What did Netanyahu’s Governments actually do to keep the conflict from flaring up? They relied on a combination of sporadic military operations (rounds of fighting), development of sophisticated defensive measures (such as the Iron Dome and the high-tech security barrier around Gaza), and the provision of economic incentives in exchange for temporary quiet (such as enabling transfer of cash-filled suitcases for Hamas). Some called this security policy “mowing the lawn.” Prof. Ephraim Inbar and Prof. Eitan Shamir explained how it worked in an article lauding Netanyahu’s policy of “managing the conflict.” As they put it: “Israel is not aiming for victory or for ending the conflict.” Rather, every few years, Israel “mows the lawn” – that is, it embarks on a military operation of limited scope which “inflict damage on valuable assets and capabilities”, “lower… [the] motivation of the enemy to harm Israel,” and prevent them from building up forces along the border.

Moshe Ya’alon said that “we should not apply terms like ‘solution’ in the foreseeable future, rather the terms should be ‘crisis management’”. He promised that “with the correct use of sticks and carrots, we can maintain a tolerable reality and security stability.”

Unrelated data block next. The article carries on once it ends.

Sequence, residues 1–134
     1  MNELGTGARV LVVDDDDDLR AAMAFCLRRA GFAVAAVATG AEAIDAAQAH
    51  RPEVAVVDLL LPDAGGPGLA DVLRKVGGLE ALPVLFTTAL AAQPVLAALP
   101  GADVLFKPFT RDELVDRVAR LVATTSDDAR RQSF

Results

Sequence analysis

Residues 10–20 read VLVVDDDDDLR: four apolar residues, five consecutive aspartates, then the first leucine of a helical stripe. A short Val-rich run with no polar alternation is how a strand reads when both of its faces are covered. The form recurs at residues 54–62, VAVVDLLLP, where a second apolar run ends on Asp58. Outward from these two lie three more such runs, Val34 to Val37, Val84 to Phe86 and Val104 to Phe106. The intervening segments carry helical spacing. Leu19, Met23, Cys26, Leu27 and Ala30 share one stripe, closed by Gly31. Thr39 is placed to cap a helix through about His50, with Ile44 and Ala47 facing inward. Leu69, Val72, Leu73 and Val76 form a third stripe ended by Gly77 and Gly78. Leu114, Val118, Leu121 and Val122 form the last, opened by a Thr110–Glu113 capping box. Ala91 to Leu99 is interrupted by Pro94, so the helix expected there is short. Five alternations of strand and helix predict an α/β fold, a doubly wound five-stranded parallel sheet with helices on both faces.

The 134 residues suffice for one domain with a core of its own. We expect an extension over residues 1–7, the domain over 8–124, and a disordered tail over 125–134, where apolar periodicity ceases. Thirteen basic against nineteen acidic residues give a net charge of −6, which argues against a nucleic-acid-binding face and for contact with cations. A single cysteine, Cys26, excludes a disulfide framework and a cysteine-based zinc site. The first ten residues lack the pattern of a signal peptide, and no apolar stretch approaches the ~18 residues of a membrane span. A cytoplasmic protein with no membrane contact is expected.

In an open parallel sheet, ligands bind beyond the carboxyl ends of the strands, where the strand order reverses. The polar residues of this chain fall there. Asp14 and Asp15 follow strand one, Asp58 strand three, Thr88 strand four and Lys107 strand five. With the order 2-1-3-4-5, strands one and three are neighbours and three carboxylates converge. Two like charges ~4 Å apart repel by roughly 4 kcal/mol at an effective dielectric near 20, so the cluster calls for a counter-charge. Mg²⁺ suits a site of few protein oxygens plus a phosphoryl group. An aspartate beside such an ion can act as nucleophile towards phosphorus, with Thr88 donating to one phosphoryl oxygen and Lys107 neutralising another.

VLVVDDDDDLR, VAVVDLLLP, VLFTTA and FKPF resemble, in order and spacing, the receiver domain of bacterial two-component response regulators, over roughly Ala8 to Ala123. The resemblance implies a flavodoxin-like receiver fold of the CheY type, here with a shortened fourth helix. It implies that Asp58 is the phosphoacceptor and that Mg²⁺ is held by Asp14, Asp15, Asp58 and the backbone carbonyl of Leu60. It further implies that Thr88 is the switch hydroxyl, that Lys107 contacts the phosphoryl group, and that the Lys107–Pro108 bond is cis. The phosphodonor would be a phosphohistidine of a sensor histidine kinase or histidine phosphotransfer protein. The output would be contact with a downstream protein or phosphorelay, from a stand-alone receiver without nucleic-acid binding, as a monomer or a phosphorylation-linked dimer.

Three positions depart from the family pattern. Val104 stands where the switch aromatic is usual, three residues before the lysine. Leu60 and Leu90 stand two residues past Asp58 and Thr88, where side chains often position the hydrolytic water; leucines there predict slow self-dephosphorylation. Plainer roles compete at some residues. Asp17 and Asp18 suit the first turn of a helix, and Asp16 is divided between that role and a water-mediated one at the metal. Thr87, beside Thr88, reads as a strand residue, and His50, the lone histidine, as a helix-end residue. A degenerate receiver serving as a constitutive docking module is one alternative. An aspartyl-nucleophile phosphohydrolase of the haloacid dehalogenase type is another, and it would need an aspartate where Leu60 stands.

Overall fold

On October 7, “the quietest decade in the country’s history” – as the Netanyahu years were called until recently – turned out to be nothing more than a precursor to the most murderous and bloody day since Israel’s establishment. With the onset of the massacre in the Gaza envelope, all the underlying assumptions on which the house of cards known as “managing the conflict” rested collapsed, one after the other.

First, it turned out that the grass had not actually been mowed. Periodic military operations failed to prevent Hamas from building a vast tunnel complex, amassing arms, and significantly enhancing its operational capabilities. While Netanyahu and his allies were confident that there was no need to hurry and that time was on Israel’s side, Hamas used this time to train its people and increase its military prowess.